Scandal-fighting presidential candidate Bill Clinton might think he has problems.
And I guess by strict definition he does.
But they could be much worse: He could be Porter Downey, a candidate for North Redington Beach Town Commission.
Then he really would have problems.
As it is, all Clinton has to do is say no, he did not have an affair with Gennifer Flowers. And the scandal blows over. His wife is even helping him say that.
All he has to do is say sure, I avoided service in Vietnam, but I did it honorably and as a matter of conscience. And people respect rather than scorn him. His letter from 1969 to an ROTC colonel helps him say that.
But poor Porter Downey, he's in a no-win situation. He's damned if he says no, and double-damned if he says yes.
To start with, he has to answer the age-old trick question, the prototypical question that cannot be answered without indicting yourself.
And I had to ask it.
"Porter, do you still beat your wife?"
When Downey ran for mayor last year, copies of a police incident report suddenly appeared on windshields and bulletin boards and in any hands that would accept them. The report said in essence that police had responded to a domestic dispute between Downey and his wife, Betty, and found her with her blouse torn.
So in the heat of the mayoral campaign, most of the 841 voters in this Gulf Coast town heard that Porter Downey was a wife beater.
Downey went to a town meeting and denied it.
Betty Downey went to the same meeting and denied it.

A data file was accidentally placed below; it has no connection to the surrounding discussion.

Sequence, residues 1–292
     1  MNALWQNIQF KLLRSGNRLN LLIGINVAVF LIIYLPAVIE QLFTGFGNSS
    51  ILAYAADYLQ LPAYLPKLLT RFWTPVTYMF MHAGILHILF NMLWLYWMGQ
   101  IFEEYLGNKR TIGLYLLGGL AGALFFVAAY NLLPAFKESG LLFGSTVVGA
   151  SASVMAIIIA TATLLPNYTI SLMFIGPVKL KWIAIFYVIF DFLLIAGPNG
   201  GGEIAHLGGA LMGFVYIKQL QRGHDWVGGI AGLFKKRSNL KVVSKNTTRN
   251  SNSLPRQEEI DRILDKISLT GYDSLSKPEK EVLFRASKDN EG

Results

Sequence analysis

The chief of police circulated a memo to whom it may have concerned denying that Downey had an arrest record.
And Downey lost the election to Dee Day, the incumbent.
Then he decided to run for Town Commission Seat 4 this year.
And the mayor's cat turned up missing.
Soon, word on the town's pristine streets was implying that Downey was the catnapper.
Downey says that is ridiculous.
Then, in spite of all the denials last year, a letter showed up in a number of residents' mailboxes, including Downey's: "It has come to my attention," the neatly typed letter said in a businesslike tone, "that Mr. Porter Downey is still beating his wife."
So I asked Downey about it.
Mrs. Downey went on record first, obviously tired of being the brunt of somebody's sick joke _ or campaign ploy. "Well, he never has. He has never beaten me."
Downey, who usually seems to keep the concerns of the 1,200 townspeople about property taxes and clean beaches in their proper place in a universe of priorities, decided to give a serious answer to the question.
"Sometimes, you have to take the absurd and try to turn it into something positive," he said. "I'm just letting it take its course. I think people see through it."
That wife-beater campaign, which he says may have worked last year, has backfired this time, he says.
"I'm pretty sure it defeated me last year, but I think this year it's going to elect me."
That might be an accurate assessment, but no one will ever be able to know if it did: This campaign has about as many twists and scandals as the town has residents.
Too many for the effects to be weighed by anyone short of a full-time statistician _ and psychoanalyst.
For instance, 34 percent to 41 percent of the town's voters, depending on whose figures you believe, live in a condominium that doesn't allow solicitation (one translation: door-to-door politicians). Commissioner Ann Graf said she went door to door last year _ including at the restricted condominium _ and she beat an incumbent.
Two candidates live in the condominium and have access to its residents, as long as their campaigning looks as if they are visiting neighbors. Downey doesn't live there.
Then there's the T-shirt that's popping up around town. It asks, in crude fashion, if anyone has seen the mayor's cat. (Actually, it uses a different word: p----.)
In North Redington Beach, in an election year, when common decency sometimes succumbs to the uncommon need to perform public service, isn't it heartening to see such a community effort to help the mayor find her pet?